Students Aren’t Able To Cope With Free Speech, Claims PEN America

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By Joanna Williams | 5:40 am, October 19, 2016

The latest skirmish in the ongoing campus battle between free speech advocates and social justice warriors comes courtesy of PEN America, an association of writers and editors dedicated to the promotion of literature and free expression.

Sadly, the publication this week of And Campus For All: Diversity, Inclusion and Free Speech at American Universities, shows that PEN is just as confused about the meaning of free expression as many students.

PEN deny there is a crisis of free speech on campus. In fact, they go further and argue that  ‘protests and forms of expression are treated as if they are incursions on free speech when in fact they are manifestations of free speech.’

So, according to PEN, the Yale students who shouted down the advisor who suggested they should decide Halloween costumes for themselves and, as adults, deal with those they considered offensive, were simply exercising their right to free speech.

Unlike the Free Speech Movement that swept across universities in the 1960s, many of today’s student protesters want to restrict speech instead of opening up debate. They use the hard fought right to free speech to prevent anyone with views they find offensive from enjoying the same rights. This is the death of free expression.

PEN support free speech but want to use it to outlaw words they find offensive. This confusion is widespread today. A recent survey of 3,000 American students, cited by PEN, suggests that only 22 per cent of them support restrictions on free speech but 63 per cent would back policies to restrict Halloween costumes based on stereotypes.

In other words, although free speech sounds good, when some people might be offended it needs to be reined in.

Elsewhere, the PEN report makes some important points in support of academic freedom. It argues against student ‘no platforming’ visiting speakers. It suggests the campus should be a place of physical safety but not somewhere that students can shelter from ideas. It also cautions that free speech mustn’t be allowed to become the preserve of the political right.

Unfortunately, PEN attempts to balance support for free speech with the promotion of inclusion. It recognises the impact of microaggressions, encourages students to use ‘thoughtful speech’ and supports individual academics who choose to use trigger warnings. PEN tells students they have a right not to be offended.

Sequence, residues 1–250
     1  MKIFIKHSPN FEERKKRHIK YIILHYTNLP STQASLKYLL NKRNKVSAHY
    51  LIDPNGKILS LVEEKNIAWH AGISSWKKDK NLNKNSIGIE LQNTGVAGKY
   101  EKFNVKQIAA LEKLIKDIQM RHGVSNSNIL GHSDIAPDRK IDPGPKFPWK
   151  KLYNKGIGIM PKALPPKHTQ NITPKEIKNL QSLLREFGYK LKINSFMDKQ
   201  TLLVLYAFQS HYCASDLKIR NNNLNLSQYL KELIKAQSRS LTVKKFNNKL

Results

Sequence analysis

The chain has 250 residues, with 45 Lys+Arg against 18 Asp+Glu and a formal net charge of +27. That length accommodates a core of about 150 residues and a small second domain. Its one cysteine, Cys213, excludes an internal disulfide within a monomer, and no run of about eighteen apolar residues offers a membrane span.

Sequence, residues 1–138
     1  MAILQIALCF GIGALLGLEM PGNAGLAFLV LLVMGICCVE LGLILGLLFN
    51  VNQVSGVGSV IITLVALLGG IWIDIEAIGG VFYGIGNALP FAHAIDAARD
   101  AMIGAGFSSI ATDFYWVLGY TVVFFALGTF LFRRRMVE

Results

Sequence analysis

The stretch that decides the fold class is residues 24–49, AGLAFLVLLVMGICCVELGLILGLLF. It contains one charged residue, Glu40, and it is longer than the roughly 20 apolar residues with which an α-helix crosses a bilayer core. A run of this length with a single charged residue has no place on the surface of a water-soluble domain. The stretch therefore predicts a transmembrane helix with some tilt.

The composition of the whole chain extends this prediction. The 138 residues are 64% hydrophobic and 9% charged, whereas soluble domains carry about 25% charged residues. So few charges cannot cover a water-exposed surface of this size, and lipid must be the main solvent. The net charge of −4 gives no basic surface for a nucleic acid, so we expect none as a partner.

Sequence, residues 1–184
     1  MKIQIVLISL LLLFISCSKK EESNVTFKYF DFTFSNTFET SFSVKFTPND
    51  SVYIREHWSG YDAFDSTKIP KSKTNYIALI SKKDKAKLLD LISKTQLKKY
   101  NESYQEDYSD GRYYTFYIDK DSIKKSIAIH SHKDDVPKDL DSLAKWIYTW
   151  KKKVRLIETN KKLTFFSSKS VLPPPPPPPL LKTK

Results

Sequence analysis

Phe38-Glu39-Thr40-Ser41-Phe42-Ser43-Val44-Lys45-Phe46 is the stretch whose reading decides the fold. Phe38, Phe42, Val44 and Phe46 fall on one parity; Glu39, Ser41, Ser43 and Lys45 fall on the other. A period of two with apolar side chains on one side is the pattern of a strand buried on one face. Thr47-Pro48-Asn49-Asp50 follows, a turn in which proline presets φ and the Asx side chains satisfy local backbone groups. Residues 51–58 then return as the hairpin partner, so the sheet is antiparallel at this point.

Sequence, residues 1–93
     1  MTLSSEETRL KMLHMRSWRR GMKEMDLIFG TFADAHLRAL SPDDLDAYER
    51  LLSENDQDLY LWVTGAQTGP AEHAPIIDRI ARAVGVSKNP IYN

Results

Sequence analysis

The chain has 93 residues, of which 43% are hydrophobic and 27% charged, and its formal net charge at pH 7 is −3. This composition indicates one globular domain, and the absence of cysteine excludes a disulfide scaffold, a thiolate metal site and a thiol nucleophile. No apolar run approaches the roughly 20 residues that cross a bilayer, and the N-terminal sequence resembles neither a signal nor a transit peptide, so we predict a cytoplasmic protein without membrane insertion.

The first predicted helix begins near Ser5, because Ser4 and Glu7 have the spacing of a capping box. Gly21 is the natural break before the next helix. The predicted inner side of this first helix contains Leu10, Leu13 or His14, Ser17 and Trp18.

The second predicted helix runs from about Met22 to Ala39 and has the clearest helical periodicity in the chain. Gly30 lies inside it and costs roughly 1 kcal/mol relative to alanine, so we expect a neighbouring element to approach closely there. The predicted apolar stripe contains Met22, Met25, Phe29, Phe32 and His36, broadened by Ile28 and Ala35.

The flip side of this is that there is no right to be offensive, even unintentionally. Students must monitor their speech and actions and self-censor so as not to cause upset. The condescending belief that some students are unable to cope with free speech and need extra protection from the harm words might inflict upon them only ever leads to censorship and restrictions.

Inclusion and diversity 2016-style is not a demand for equality but a demand for differential treatment, for privileged speech not free speech. Too often, universities have a tick-box approach to diversity: people might look different but they must all think the same.

PEN usefully highlight the danger that students come to see free speech as ‘a prerequisite of the privileged, used to buttress existing hierarchies of wealth and power’. Indeed, the beauty of free speech is that it allows everyone to say what they think irrespective of their gender, social status, skin colour or sexuality. Obviously not everyone has access to the same public platforms or resources but this means we always need to make the case for more free speech not less.

What the PEN report fundamentally misunderstands is that free speech is something we either have or we don’t have. We can’t have a little bit of free speech. Anyone who is serious about arguing for free speech must reject the PEN America Principles.

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